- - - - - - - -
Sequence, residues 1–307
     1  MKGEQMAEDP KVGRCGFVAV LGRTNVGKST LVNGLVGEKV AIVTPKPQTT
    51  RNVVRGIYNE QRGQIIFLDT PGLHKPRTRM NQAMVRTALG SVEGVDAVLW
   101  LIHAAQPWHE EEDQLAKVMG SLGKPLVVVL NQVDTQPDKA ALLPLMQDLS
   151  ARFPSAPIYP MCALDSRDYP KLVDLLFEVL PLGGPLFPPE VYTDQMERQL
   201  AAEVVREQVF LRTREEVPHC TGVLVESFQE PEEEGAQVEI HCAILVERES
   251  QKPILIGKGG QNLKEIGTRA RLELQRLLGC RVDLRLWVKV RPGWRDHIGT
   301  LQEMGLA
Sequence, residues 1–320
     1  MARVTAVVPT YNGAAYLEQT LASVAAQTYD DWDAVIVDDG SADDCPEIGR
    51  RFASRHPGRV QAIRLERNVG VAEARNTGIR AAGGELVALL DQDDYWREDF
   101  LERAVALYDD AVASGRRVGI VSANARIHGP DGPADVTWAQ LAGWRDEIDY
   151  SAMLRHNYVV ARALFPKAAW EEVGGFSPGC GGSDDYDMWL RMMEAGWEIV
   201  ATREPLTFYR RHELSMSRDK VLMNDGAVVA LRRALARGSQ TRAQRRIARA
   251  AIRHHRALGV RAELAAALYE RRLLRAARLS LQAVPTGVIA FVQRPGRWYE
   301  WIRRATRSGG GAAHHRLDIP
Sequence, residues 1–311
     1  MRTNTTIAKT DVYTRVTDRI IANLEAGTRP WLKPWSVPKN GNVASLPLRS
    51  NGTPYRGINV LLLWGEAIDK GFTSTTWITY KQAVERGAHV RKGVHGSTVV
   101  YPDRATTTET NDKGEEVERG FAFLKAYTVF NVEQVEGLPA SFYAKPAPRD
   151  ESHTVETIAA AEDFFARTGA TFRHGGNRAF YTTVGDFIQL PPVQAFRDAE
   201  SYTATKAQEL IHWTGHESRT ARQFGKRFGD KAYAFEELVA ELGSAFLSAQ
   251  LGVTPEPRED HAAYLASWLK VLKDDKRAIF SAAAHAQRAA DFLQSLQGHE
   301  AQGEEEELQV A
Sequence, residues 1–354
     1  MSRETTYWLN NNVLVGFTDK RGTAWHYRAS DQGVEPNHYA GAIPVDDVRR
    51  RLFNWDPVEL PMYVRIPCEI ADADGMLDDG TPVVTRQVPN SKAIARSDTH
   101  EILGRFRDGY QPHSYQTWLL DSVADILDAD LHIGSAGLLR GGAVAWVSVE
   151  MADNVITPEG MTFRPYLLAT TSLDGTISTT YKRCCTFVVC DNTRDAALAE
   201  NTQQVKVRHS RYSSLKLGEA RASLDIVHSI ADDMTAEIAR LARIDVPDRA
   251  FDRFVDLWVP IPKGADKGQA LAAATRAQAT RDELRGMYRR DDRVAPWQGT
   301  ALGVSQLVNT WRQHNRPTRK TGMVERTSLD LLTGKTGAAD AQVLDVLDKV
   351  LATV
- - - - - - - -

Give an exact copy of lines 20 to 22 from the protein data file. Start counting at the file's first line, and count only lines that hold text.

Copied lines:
   101  YPDRATTTET NDKGEEVERG FAFLKAYTVF NVEQVEGLPA SFYAKPAPRD
   151  ESHTVETIAA AEDFFARTGA TFRHGGNRAF YTTVGDFIQL PPVQAFRDAE
   201  SYTATKAQEL IHWTGHESRT ARQFGKRFGD KAYAFEELVA ELGSAFLSAQ